Preparation of chitosan nanoparticles

Chitosan powder (0.25% w/v) was dissolved in a 1% acetic acid aqueous solution (4 h, 2000 rpm, ambient temperature). Preparation of chitosan nanoparticles containing limonene, CAEO, CLEO, and CSEO was obtained using a modified ionic gelation technique, as depicted in Fig. 1 [26]. Each EO or limonene (0.5% w/v) and tween 20 (0.5% w/v) was first mixed at 2000 rpm for 30 min at room temperature. The chitosan solution was then added and stirred for another 30 min. After that, an aqueous solution of TPP (0.15% w/v) was added 1 mL/h using the syringe pump, and the mixture was stirred for 40 min (2000 rpm) to stabilizing the nanoparticles. The prepared samples were abbreviated as CLChiNPs, CSChiNPs, CAChiNPs, and LimChiNPs. Moreover, the same methodology was used to prepare free chitosan nanoparticles (ChiNPs), but no EO or limonene was used.

Fig. 1
figure1

Steps of preparation of chitosan nanoparticles containing EOs or limonene

Characterization of the prepared nanoformulation

Size analysis

Dynamic light scattering (DLS) technique was used to analyze all nanoformulations particle sizes (dynamic light scattering, scatter scope, K-ONE NANO. LTD, Korea). D50 was considered particle size, and particle size distribution (SPAN) was calculated as d90-d10/d50. D is diameter, and 10, 50, and 90 are percentile of particles with a smaller diameter than these specified diameters. Formulations with SPAN values less than 1 possess narrow particle size distributions [27].

The attenuated Total reflection-Fourier transform infrared (ATR-FTIR) analysis

ATR-FTIR has analyzed the loading of the EOs or limonene in the ChiNPs. Spectra of ChiNPs, limonene, limChiNPs, CSEO, CSChiNPs, CLEO, CLChiNPs, CAEO, and CAChiNPs were recorded in 400–4000 cm− 1. The samples without preparation were subjected to the instrument (FTIR, Bruker Company, Model Tensor II, Germany).

Investigation of the anticancer activity

The anticancer activity of limonene, CAEO, CLEO, and CSEO (as non-formulated samples) also, LimChiNPs, CAChiNPs, CLChiNPs, and CSChiNPs (as nanoformulations) were investigated using MTT assay. The EOs and limonene were dissolved (0.5% w/v) in a PBS solution containing 0.5% DMSO. The cell lines were cultured in 75 cm2 culture flasks in DMEM medium supplemented with 10% of FBS and 1% of penicillin-streptomycin (P/S) and incubated at 37 °C air (95%) and CO2 (5%). Cells (MDA-MB-468 and A-375) were separated by trypsin; they were then seeded (1 × 104 cells per well) in 96 well plates and incubated overnight for attachment. The following day, the culture media was discarded, and a 75 μL complete fresh medium was added to each well. By adding an appropriate amount of the samples, concentrations were finally fixed at 1200, 600, 300, 150, and 75 μg/mL. The treated plates were incubated for 24 h at 37 °C with CO2 5%, and their content was then discarded, and wells were washed with 100 μL PBS to remove nanoformulations milky color. After that, 100 μL MTT reagent (0.5 mg.mL− 1) was added to each well and were incubated for another 4 h; created formazan crystals were then dissolved by adding DMSO (100 μL/well). The control group (six-well in each plate) was treated only with 25 μL PBS (0.5% DMSO) and 75 μL culture media. Finally, the absorbance (A) of the wells was monitored by an ELISA plate reader at 570 nm. The cell viability at each concentration was calculated using the following equation:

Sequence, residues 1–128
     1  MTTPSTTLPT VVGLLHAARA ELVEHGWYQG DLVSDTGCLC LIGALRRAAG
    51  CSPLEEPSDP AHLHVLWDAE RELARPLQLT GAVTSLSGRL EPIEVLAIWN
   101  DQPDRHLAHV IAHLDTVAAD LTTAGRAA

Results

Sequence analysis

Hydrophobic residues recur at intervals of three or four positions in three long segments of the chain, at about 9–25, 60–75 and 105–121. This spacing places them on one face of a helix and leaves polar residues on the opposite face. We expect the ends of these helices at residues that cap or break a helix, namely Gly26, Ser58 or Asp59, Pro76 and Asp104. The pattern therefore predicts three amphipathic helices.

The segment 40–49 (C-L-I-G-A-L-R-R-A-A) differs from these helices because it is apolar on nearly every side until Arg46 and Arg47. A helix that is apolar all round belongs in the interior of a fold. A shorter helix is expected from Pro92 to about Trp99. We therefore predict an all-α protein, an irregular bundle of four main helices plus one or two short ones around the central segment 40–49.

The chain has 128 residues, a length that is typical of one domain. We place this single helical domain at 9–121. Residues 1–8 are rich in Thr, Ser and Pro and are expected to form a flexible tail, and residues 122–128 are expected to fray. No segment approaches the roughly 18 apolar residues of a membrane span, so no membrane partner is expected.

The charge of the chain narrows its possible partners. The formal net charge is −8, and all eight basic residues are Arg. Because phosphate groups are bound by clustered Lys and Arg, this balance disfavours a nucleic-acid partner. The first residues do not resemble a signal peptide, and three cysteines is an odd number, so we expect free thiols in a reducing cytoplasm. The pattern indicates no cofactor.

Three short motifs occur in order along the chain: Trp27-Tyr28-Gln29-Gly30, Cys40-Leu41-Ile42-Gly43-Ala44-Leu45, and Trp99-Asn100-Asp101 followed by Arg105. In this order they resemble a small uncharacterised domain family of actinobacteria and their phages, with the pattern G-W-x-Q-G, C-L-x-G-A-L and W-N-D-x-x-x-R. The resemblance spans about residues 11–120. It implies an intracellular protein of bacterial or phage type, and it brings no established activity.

$$ \mathrm{Cell}\ \mathrm{viability}\ \left(\%\right)=\frac{Mean\ A\ s\mathrm{a} mple}{Mean\ A\ control}\times 100 $$
(1)

Results

Identified compounds in used EOs

Limonene was identified as the major compound in all three used EOs; it comprised 31.4% of CAEO, 61.8% of CLEO, and 71.3% of CSEO (see Table 1). Sabinene (15.6%), ɣ-terpinene (6.0%), linalool (5.6%), and nerolidol (5.1%) were the other four major compounds of CAEO. Alpha-pinene, sabinene, cis-limonene oxide, and trans-limonene oxide with a portion of 3.5, 17.0, 2.3, and 3.1% were the other four CLEO compounds. In SCEO, trans-p-2,8-Menthadien-1-ol, cis-limonene oxide, trans-limonene oxide, and trans-carveol were identified as the other four major compounds (5.0, 2.6, 2.3, and 2.9%).

Table 1 Identified compounds with more than 1% in EOs of C. aurantium, C. limon, and C. sinensis (CAEO, CLEO, and CSEO)

The particle size of the prepared chitosan nanoparticles containing limonene or EOs

DLS analyses of the prepared nanoformulations are given in Fig. 2. CSChiNPs with a particle size of 156 ± 8 nm (SPAN 0.92) possess the smallest particles. CAChiNPs (173 ± 6 nm), CLChiNPs (181 ± 4 nm), and LimChiNPs (209 ± 13 nm) were situated in other ranks; their SPAN values were including 0.94, 0.90, 0.93, respectively.

Fig. 2
figure2

Chitosan nanoparticles containing limonene and EOs of C. aurantium, C. limon, and C. sinensis: A) LimChiNPs 209 ± 13 nm, B) CAChiNPs 173 ± 6 nm, C) CLChiNPs 181 ± 4 nm, D) CSChiNPs 156 ± 8 nm

Successful loading of limonene or EOs in chitosan nanoparticles

The ATR-FTIR spectrum of ChiNPs is depicted in Fig. 3A; the bond at about 1700 cm-1 can be related to carbonyl stretching of the pure chitosan’s secondary amide band and carbonyl group tween. The characteristic peak at 1094 cm− 1 relates to symmetric and anti-symmetric stretching vibrations in the PO2 group, and the strong band at 1020 cm− 1 belongs to symmetric and anti-symmetric stretching vibrations in the PO3 group. After the crosslinking process, two bands at 1280 and 1152 cm− 1 belong to anti-symmetric stretching vibrations of PO2 groups in TPP ions. These new peaks confirmed ionic crosslinks between protonated amino groups of chitosan and tripolyphosphate anionic groups.